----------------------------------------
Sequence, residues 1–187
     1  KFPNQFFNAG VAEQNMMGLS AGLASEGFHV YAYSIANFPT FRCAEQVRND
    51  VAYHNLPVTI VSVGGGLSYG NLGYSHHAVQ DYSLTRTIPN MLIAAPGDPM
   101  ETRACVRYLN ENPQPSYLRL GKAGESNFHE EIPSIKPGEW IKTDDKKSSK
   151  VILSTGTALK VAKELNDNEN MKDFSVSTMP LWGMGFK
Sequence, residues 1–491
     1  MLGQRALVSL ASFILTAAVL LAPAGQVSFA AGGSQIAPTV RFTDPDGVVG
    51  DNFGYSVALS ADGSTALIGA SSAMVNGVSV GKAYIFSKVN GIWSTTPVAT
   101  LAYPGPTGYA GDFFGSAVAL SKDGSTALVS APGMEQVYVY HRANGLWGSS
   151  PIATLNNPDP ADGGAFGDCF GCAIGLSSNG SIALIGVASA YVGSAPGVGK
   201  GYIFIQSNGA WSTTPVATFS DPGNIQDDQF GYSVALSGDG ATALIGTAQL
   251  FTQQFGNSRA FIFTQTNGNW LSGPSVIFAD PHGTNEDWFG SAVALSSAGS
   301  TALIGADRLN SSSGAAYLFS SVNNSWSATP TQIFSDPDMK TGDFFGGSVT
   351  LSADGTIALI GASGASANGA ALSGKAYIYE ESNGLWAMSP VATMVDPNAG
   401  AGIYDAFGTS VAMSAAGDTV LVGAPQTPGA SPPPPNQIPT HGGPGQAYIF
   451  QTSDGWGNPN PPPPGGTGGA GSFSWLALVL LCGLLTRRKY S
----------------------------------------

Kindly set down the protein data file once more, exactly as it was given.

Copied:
Sequence, residues 1–187
     1  KFPNQFFNAG VAEQNMMGLS AGLASEGFHV YAYSIANFPT FRCAEQVRND
    51  VAYHNLPVTI VSVGGGLSYG NLGYSHHAVQ DYSLTRTIPN MLIAAPGDPM
   101  ETRACVRYLN ENPQPSYLRL GKAGESNFHE EIPSIKPGEW IKTDDKKSSK
   151  VILSTGTALK VAKELNDNEN MKDFSVSTMP LWGMGFK
Sequence, residues 1–491
     1  MLGQRALVSL ASFILTAAVL LAPAGQVSFA AGGSQIAPTV RFTDPDGVVG
    51  DNFGYSVALS ADGSTALIGA SSAMVNGVSV GKAYIFSKVN GIWSTTPVAT
   101  LAYPGPTGYA GDFFGSAVAL SKDGSTALVS APGMEQVYVY HRANGLWGSS
   151  PIATLNNPDP ADGGAFGDCF GCAIGLSSNG SIALIGVASA YVGSAPGVGK
   201  GYIFIQSNGA WSTTPVATFS DPGNIQDDQF GYSVALSGDG ATALIGTAQL
   251  FTQQFGNSRA FIFTQTNGNW LSGPSVIFAD PHGTNEDWFG SAVALSSAGS
   301  TALIGADRLN SSSGAAYLFS SVNNSWSATP TQIFSDPDMK TGDFFGGSVT
   351  LSADGTIALI GASGASANGA ALSGKAYIYE ESNGLWAMSP VATMVDPNAG
   401  AGIYDAFGTS VAMSAAGDTV LVGAPQTPGA SPPPPNQIPT HGGPGQAYIF
   451  QTSDGWGNPN PPPPGGTGGA GSFSWLALVL LCGLLTRRKY S